Critical reaction[edit]

The Fast and the Furious: Tokyo Drift gained a 37% on Rotten Tomatoes based on reviews from 113 critics, with an average rating of 4.8/10, and the site's consensus reading: "Eye-popping driving sequences coupled with a limp story and flat performances make this Drift an adequate follow-up to the previous Fast and Furious installments. Strictly for the racing crowd and fans of the first two films."[13] On Metacritic, which determines a normalized rating out of 100 from mainstream critics, the film received a score of 46 out of 100 based on reviews from 31 critics.[14]

Roger Ebert of the Chicago Sun-Times praised the film, giving it three out of four stars, saying that director Justin Lin "takes an established franchise and makes it surprisingly fresh and intriguing," adding that Tokyo Drift is "more observant than we expect" and that "the story [is] about something more than fast cars".[15] Michael Sragow of The Baltimore Sun felt that "the opening half-hour may prove to be a disreputable classic of pedal-to-the-metal filmmaking."[16] Kirk Honeycutt of The Hollywood Reporter said that "it's not much of a movie, but a hell of a ride".[17]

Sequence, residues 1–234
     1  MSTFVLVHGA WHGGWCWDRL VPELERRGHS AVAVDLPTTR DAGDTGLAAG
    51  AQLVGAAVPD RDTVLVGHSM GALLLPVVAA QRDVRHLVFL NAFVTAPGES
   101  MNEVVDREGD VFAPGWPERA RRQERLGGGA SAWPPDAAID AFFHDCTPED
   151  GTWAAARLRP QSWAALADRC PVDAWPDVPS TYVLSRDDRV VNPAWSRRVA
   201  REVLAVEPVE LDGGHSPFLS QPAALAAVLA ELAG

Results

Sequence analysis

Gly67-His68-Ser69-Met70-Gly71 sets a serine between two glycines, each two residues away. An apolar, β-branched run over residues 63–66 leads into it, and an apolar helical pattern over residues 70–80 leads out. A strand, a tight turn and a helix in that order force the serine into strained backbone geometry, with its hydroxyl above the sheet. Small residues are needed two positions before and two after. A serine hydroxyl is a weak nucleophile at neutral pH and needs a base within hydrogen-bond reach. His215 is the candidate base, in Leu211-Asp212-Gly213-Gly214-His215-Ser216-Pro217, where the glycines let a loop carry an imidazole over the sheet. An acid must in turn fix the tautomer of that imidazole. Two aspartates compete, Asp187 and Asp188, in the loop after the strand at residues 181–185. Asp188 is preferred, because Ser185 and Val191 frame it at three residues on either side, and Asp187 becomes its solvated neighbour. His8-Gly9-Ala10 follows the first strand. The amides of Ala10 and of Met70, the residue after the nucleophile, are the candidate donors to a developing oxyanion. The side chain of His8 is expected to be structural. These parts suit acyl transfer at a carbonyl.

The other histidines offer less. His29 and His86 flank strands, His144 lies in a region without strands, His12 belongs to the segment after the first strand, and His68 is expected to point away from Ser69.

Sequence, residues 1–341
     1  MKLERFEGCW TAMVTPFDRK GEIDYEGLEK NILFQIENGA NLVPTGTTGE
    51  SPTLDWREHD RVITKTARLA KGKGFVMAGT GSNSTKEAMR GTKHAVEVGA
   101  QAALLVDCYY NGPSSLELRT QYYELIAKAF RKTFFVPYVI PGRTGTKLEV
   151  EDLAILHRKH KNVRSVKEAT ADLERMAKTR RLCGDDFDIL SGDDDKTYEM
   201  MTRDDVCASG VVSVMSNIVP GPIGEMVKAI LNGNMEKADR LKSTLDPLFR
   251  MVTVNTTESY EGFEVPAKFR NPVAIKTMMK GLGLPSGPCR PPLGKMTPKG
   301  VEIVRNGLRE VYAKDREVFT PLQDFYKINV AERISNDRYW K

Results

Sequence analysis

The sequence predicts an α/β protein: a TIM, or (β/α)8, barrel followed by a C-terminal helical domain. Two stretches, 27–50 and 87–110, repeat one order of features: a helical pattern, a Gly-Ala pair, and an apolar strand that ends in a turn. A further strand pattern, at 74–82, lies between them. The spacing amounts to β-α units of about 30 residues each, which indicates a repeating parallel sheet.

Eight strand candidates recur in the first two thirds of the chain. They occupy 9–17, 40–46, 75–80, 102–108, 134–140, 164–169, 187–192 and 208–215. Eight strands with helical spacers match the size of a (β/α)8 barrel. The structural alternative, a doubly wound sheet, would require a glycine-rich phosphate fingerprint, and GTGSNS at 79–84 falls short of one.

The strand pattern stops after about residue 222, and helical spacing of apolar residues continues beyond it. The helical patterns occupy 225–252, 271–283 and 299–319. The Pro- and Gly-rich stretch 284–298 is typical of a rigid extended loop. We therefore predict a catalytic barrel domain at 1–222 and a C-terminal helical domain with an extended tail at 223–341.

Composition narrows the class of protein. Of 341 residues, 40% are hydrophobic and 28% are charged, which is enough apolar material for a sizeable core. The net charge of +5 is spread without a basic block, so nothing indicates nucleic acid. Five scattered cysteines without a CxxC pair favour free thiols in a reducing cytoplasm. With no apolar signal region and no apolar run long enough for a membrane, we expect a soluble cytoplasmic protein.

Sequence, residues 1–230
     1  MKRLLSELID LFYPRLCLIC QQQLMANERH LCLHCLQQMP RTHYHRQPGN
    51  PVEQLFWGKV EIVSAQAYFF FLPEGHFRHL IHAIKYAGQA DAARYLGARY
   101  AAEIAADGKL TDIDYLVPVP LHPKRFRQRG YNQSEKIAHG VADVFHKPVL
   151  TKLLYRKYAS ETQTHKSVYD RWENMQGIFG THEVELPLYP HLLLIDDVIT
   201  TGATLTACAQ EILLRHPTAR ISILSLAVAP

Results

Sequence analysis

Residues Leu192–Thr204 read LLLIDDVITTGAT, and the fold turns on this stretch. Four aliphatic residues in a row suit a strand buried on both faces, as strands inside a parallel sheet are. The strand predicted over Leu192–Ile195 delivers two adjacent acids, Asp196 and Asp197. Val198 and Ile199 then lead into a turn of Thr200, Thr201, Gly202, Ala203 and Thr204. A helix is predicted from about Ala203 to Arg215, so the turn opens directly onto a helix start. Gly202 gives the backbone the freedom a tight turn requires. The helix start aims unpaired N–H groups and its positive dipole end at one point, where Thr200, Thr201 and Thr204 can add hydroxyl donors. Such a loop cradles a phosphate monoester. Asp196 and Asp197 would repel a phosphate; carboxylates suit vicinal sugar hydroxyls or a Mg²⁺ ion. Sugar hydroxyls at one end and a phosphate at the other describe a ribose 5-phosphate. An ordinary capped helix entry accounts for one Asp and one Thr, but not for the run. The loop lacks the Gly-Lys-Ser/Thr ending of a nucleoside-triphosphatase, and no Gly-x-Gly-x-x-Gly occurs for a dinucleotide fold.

Michael Medved gave Tokyo Drift one and a half stars out of four, saying: "There's no discernible plot [...] or emotion or humor."[18] James Berardinelli from ReelViews also gave it one and a half stars out of four, saying: "I expect a racing film to be derivative. That goes with the territory. No one is seeing a Fast and the Furious movie for the plot. When it comes to eye candy, the film is on solid ground—it offers plenty of babes and cars (with the latter being more lovingly photographed than the former). However, it is unacceptable that the movie's action scenes (races and chases) are boring and incoherent. If the movie can't deliver on its most important asset, what's the point?"[19]